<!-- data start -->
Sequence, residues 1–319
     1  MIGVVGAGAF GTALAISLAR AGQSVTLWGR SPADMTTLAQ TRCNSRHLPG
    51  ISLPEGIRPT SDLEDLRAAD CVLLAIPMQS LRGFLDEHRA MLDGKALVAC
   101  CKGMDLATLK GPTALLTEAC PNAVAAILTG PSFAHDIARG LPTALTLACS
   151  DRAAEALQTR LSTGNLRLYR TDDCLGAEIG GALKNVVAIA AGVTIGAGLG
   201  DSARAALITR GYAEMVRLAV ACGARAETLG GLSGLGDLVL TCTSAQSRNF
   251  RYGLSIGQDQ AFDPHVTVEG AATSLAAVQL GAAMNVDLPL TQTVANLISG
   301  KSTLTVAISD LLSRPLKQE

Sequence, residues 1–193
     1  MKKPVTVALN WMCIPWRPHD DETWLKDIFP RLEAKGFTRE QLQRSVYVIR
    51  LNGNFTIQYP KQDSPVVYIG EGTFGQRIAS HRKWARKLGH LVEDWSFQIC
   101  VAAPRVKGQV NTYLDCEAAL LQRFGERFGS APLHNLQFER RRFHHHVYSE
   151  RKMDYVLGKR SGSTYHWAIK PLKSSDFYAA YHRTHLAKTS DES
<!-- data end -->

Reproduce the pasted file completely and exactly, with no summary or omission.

Sequence, residues 1–319
     1  MIGVVGAGAF GTALAISLAR AGQSVTLWGR SPADMTTLAQ TRCNSRHLPG
    51  ISLPEGIRPT SDLEDLRAAD CVLLAIPMQS LRGFLDEHRA MLDGKALVAC
   101  CKGMDLATLK GPTALLTEAC PNAVAAILTG PSFAHDIARG LPTALTLACS
   151  DRAAEALQTR LSTGNLRLYR TDDCLGAEIG GALKNVVAIA AGVTIGAGLG
   201  DSARAALITR GYAEMVRLAV ACGARAETLG GLSGLGDLVL TCTSAQSRNF
   251  RYGLSIGQDQ AFDPHVTVEG AATSLAAVQL GAAMNVDLPL TQTVANLISG
   301  KSTLTVAISD LLSRPLKQE

Sequence, residues 1–193
     1  MKKPVTVALN WMCIPWRPHD DETWLKDIFP RLEAKGFTRE QLQRSVYVIR
    51  LNGNFTIQYP KQDSPVVYIG EGTFGQRIAS HRKWARKLGH LVEDWSFQIC
   101  VAAPRVKGQV NTYLDCEAAL LQRFGERFGS APLHNLQFER RRFHHHVYSE
   151  RKMDYVLGKR SGSTYHWAIK PLKSSDFYAA YHRTHLAKTS DES